Climate Mitigation from Circular and Sharing Economy in the Buildings Sector

The buildings sector is a major consumer of energy and resources throughout the entire life cycle of the buildings (materials sourcing, design, manufacturing, distribution, consumption, disposal) with corresponding greenhouse gas (GHG) emissions. The contribution of the sector is therefore key to achieving ambitious climate targets. In particular, to maintain global warming below target of 1.5 °C, a carbon dioxide emissions reduction of 9 Gt is required just from the global building sector (Wang et al, 2018). This will need to be achieved by a reduction in energy consumption and decarbonization of electricity production. Equally substantial reductions are required from the other life cycle phases: materials production, construction and demolition phases, which are typically accounted as changes in the industrial sector. The improvement of resource flows through a Circular Economy (CE) approach that includes reducing, reusing, recycling and recovering materials and products, facilitates a decoupling of growth from resource consumption (Kalmykova et al, 2018). This can provide clear advantages from an environmental perspective, contributing to Sustainable Development Goals and to climate change mitigation. However, the literature has identified that despite a global trend of improved operational performance, there are rising “embodied” emissions from processing and manufacturing of building materials. Industrial recycling and energy recovery are the most common practices, even when reuse is believed to have higher economic and environmental value (Eberhardt et al, 2019). The Sharing Economy (SE), offers several opportunities for the building sector by promoting reuse, enabling shared ownership, access or use to increase the utilization rate of products and systems (e.g. shared accommodation, social spaces, offices or tools). Recent literature clearly highlights for the building sector the urgent need for a range of actions across the life cycle such as reduced operational and embodied impacts, as well as strategies to increase alignment of goals and action from numerous stakeholders along the value chain (Röck et al, 2020). This needs to be implemented with specific reference to people, cultures and norms in which the strategies are deployed. The pressure on the sector to embrace its role as provider of critical climate mitigation solutions, is expected to increase. There are however few explicit links to sustainable development and climate mitigation, and little common ground for the variety of analytical approaches and tools. The main aim of the CE in the literature is considered to be economic prosperity, followed by environmental quality; its impact on social equity and future generations is rarely mentioned. Circular and shared economy imply the adoption of cleaner production patterns, an increase of producers’ and consumers’ responsibility and awareness, the use of renewable technologies and materials as well as the adoption of suitable policies. It applies to different systems levels from the macro (neighborhood, city, region, nation and beyond) to the micro level (consumer, product, company). It requires the engagement of all actors in society and their capacity to create and exchange transformative patterns. In all, transition to the era of circular and shared economy aligned with climate goals requires more knowledge on the necessary changes in household’s behavior, design practices, construction and de-construction methods, business models and legal frameworks (Laurenti et al, 2019). This Virtual Special Issue (VSI) calls for new research contributions on mitigation potentials from the Circular and Sharing Economy in the buildings sector worldwide.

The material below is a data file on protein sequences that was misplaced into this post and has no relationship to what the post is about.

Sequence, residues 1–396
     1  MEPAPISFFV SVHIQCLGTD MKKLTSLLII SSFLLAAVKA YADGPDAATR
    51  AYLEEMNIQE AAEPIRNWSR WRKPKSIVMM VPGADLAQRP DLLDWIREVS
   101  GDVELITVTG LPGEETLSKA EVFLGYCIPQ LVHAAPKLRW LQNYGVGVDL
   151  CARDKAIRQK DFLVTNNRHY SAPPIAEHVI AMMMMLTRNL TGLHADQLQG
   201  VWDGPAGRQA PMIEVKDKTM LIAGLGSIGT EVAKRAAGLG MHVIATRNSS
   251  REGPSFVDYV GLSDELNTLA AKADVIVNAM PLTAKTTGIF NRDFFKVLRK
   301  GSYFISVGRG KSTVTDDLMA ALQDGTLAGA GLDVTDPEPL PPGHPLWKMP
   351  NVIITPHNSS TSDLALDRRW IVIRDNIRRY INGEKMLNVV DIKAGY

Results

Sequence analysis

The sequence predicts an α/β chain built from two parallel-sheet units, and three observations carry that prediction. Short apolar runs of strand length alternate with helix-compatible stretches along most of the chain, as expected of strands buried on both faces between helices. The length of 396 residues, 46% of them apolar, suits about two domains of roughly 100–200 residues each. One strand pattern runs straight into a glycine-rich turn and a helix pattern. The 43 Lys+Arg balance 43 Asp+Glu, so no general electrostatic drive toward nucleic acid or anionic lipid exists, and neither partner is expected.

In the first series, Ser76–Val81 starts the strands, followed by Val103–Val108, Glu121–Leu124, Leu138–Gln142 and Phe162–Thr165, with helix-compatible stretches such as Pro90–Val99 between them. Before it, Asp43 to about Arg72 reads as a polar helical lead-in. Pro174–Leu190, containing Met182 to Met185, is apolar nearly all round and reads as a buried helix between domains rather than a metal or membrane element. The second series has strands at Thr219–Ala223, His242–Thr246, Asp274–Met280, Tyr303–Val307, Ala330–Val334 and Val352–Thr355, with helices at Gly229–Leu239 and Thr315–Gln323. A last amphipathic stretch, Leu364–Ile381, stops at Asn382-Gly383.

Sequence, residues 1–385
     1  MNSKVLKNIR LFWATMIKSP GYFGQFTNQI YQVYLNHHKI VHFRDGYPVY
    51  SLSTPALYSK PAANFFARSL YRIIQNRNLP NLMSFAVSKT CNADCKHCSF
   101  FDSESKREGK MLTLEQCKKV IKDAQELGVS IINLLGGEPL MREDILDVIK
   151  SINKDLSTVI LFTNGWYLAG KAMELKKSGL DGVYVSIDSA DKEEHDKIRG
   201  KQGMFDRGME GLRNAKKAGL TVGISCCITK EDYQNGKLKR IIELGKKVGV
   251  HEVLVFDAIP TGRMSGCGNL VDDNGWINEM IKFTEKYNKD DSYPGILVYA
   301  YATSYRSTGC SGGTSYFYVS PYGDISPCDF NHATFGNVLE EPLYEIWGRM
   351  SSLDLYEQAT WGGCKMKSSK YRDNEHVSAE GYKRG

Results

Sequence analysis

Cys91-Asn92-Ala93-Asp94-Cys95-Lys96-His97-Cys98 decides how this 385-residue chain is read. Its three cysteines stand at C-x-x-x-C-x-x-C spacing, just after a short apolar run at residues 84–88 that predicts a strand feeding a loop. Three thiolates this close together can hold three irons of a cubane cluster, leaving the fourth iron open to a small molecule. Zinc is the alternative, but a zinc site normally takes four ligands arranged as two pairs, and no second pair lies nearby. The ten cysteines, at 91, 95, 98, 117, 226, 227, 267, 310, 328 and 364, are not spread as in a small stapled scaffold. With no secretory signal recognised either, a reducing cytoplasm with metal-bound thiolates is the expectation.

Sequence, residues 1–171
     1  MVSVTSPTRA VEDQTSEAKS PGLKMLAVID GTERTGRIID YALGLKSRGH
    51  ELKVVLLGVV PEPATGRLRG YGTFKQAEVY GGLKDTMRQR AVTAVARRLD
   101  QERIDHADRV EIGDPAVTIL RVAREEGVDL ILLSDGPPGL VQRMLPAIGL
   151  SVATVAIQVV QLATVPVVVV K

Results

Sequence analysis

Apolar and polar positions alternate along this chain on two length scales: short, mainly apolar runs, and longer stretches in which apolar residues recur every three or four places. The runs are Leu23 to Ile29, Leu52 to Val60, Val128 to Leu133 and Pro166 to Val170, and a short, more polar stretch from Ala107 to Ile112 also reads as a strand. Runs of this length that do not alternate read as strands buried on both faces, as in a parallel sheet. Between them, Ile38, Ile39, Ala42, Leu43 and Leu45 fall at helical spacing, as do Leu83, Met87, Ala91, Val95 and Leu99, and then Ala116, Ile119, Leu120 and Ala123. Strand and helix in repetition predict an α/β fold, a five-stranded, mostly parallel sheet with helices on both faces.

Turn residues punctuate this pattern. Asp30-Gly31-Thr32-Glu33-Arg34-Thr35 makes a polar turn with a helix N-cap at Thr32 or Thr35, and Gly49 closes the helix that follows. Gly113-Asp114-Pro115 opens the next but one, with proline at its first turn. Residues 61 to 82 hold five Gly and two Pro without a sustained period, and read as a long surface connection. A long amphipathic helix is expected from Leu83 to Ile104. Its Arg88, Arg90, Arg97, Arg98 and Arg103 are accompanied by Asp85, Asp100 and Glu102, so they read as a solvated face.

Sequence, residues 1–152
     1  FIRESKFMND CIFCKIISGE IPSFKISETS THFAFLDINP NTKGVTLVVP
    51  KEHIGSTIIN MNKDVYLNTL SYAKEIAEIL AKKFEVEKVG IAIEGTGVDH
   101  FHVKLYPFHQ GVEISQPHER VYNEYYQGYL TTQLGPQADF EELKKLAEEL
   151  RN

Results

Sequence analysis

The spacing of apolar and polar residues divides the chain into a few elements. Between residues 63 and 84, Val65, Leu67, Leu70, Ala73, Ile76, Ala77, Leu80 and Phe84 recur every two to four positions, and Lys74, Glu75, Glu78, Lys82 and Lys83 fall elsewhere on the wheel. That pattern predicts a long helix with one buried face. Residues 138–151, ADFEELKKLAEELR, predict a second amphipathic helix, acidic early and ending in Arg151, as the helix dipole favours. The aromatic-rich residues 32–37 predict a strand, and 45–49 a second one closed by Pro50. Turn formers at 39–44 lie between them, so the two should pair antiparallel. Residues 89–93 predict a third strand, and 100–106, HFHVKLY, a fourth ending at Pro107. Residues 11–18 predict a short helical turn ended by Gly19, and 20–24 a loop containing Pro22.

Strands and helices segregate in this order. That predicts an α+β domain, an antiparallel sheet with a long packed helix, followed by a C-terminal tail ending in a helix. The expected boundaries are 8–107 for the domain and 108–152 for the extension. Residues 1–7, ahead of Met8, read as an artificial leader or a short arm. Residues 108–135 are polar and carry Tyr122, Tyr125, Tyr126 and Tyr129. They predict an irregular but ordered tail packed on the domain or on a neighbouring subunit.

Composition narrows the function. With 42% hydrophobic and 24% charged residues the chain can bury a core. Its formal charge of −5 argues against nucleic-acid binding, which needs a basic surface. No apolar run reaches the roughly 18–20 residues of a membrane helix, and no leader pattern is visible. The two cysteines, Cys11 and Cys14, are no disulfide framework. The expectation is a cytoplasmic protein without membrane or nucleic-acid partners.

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Last updated: 2021-05-17

IVL Swedish Environmental Research Institute

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